Key Evidence: Children born to North Korean refugee women in China have much lower vaccination rates than local Chinese or migrant children — with full immunization rates of 14% compared to 93% for local ethnic Chinese children and 55% for migrant children. While all ethnic Chinese children are registered and provided with free vaccinations and there are specific programs targeting migrant children, children born to Korean refugees have no legal status and are thus excluded from the public health care system.
Key Evidence: In contrast to non-Somalis, family wealth did not significantly affect the likelihood of being fully vaccinated among Somali refugee children living in Kenya. This may point to systemic barriers to vaccination that cut across all socio-economic levels of the Somali refugee population.
Key Evidence: Native populations experience barriers to health care access such as limited knowledge, stigma, community social isolation, and geographic isolation. As a result, Inuit populations in Canada suffer 300 times higher rates of TB than the Canadian-born non-Indigenous population.
Key Evidence: An analysis of survey data in Latin America and Caribbean countries found that DPT3 coverage rates among indigenous children were significantly lower than in children of European or mixed ethnicity in three out of 14 countries, while significant inequities between these groups in coverage of maternal health services, such as antenatal care and delivery by a skilled birth attendant, existed in most of the countries. The greater equity in access to childhood vaccination by ethnic group may be because vaccinations are often delivered in the communities through immunization campaigns, whereas maternal health services require accessing health facilities, which may incur user fees and transportation costs.
Key Evidence: Children of Maori and Pacific Island ethnicities in New Zealand had lower rates of age-appropriate vaccination than other ethnic groups, according to a large retrospective study.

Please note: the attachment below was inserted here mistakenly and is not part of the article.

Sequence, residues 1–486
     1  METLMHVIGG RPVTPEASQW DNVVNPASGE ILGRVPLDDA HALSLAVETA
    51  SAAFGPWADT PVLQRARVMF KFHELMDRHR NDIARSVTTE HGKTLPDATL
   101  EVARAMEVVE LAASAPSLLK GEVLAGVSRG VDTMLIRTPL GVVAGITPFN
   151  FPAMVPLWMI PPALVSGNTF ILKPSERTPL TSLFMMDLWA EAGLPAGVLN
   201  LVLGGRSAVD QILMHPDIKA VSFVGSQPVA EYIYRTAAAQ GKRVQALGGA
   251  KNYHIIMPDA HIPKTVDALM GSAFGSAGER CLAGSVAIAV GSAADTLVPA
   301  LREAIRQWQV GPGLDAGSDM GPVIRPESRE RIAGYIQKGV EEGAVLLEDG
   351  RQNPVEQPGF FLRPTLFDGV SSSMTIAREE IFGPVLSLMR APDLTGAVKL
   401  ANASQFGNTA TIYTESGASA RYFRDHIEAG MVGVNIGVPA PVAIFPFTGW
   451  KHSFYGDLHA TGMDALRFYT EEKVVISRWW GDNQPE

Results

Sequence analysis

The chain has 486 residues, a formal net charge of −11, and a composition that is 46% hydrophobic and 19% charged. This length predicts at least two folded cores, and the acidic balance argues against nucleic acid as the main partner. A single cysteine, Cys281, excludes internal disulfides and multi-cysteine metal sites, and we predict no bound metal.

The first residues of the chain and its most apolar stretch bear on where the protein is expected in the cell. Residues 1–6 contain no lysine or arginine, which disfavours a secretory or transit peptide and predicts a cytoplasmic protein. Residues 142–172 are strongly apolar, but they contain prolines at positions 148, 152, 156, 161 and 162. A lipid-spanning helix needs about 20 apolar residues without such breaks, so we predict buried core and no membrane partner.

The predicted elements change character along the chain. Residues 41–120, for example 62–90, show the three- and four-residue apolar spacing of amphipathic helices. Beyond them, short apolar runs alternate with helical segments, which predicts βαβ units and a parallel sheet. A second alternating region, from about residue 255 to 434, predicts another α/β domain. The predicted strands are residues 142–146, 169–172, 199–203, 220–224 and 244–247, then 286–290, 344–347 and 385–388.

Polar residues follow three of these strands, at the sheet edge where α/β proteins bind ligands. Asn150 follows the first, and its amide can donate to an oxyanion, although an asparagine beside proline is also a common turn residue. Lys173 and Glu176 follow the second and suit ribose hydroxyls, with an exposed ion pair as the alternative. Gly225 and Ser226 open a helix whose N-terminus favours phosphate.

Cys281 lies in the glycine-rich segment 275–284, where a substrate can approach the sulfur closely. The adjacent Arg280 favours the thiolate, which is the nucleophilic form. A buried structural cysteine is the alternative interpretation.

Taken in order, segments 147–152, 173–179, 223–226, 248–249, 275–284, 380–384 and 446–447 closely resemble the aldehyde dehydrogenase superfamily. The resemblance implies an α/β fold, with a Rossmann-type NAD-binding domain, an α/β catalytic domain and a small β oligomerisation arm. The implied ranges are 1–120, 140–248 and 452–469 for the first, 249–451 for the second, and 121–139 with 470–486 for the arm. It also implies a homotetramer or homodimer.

Key Evidence: A study among parents from diverse minority groups in Utah, U.S. — two-thirds of whom were born outside of the U.S. — found extremely low rates of HPV vaccination among their adolescent children. Only 20% had vaccinated at least one child with one or more doses of HPV vaccine compared to 60% nationally. A larger percent of the unvaccinated were from certain minority groups, had lower household income and educational levels, and cited a lack of knowledge about the vaccine, its cost and concerns about side effects as major reasons for not vaccinating. The study points to the need for community approaches to HPV education for a diverse set of caregivers.
Key Evidence: Screening tests given to more than 300 newly-arrived economic migrants and asylum seekers in Italy — the majority from sub-Saharan Africa — found high rates of chronic hepatitis B infection and latent and active tuberculosis (with 8% having signs of current infection or active TB). These findings underscore the important of universal screening for infectious diseases for all newly-arrived migrants.
Key Evidence: In a study of invasive pneumococcal disease in neonates in New Zealand following the introduction of pneumococcal conjugate vaccine (PCV) for infants, 67% of the cases in children <7 days old were of Maori ethnicity, while Maoris make up only 27% of New Zealand’s population. This over-representation of Maoris may be due to poverty and crowded living conditions and suggests that crowded households may be slower to experience the benefits of population-wide pneumococcal vaccination.
Key Evidence: In New Zealand, Maori and Pacific children have historically suffered high hospitalization rates for invasive pneumococcal disease (IPD), all cause pneumonia (ACP), and otitis media. Following the introduction of conjugate vaccines in the country, Maori and Pacific children’s rates of admission for IPD dropped by 79% and 67%, respectively, while significant reductions in ACP and otitis media admissions were also noted, resulting in reductions in disparities for these populations.
Key Evidence: Coverage rates of HPV vaccination in England, which is provided to 12-13 year old girls through a government-funded, school-based program, were significantly lower in areas with higher proportions of migrant families and non-whites than in areas that are predominantly native-born and white.